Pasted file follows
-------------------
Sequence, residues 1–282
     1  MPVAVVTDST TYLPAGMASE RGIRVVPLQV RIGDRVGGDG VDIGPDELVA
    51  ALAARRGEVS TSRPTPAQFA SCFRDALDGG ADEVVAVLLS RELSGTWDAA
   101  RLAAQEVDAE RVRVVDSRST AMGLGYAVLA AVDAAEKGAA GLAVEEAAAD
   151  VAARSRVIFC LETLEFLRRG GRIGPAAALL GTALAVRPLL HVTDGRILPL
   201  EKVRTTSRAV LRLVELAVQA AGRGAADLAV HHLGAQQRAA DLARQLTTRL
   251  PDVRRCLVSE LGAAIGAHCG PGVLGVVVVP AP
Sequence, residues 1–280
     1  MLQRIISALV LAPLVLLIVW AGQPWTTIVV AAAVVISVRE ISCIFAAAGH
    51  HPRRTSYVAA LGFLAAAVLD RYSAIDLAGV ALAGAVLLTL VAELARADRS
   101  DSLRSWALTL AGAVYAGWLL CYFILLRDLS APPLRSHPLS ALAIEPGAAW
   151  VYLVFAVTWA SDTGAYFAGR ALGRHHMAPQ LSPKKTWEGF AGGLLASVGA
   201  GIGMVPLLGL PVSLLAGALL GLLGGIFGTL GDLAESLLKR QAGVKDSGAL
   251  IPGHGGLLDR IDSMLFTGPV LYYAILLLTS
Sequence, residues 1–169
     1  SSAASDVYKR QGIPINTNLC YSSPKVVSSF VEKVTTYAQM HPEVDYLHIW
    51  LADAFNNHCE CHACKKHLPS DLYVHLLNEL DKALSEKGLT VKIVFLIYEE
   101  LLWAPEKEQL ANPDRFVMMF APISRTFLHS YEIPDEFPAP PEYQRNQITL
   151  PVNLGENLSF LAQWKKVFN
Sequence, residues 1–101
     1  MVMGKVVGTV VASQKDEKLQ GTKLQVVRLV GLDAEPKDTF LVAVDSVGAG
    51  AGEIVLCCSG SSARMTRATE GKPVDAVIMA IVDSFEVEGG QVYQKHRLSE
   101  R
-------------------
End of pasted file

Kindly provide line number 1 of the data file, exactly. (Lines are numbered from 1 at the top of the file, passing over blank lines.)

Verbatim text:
Sequence, residues 1–282